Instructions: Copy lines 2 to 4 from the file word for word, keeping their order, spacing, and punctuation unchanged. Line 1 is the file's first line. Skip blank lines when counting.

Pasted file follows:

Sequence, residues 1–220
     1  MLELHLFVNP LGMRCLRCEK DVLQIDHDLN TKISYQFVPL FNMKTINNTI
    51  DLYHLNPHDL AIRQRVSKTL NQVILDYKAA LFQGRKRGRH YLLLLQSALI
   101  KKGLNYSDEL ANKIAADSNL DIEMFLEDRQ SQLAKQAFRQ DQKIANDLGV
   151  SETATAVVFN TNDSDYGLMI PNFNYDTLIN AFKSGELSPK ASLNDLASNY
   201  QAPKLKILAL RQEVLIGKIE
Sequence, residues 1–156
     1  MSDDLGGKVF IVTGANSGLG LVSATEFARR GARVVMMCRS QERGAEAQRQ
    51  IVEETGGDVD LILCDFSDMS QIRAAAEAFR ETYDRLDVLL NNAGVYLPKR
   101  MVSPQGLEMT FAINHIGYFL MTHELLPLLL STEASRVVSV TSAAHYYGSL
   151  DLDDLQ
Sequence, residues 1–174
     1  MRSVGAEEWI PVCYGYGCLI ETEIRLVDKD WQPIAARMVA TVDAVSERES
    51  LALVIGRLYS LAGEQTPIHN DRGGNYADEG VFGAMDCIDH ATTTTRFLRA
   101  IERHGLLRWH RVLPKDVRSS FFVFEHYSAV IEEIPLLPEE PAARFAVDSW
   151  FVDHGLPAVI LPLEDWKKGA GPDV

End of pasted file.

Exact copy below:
     1  MLELHLFVNP LGMRCLRCEK DVLQIDHDLN TKISYQFVPL FNMKTINNTI
    51  DLYHLNPHDL AIRQRVSKTL NQVILDYKAA LFQGRKRGRH YLLLLQSALI
   101  KKGLNYSDEL ANKIAADSNL DIEMFLEDRQ SQLAKQAFRQ DQKIANDLGV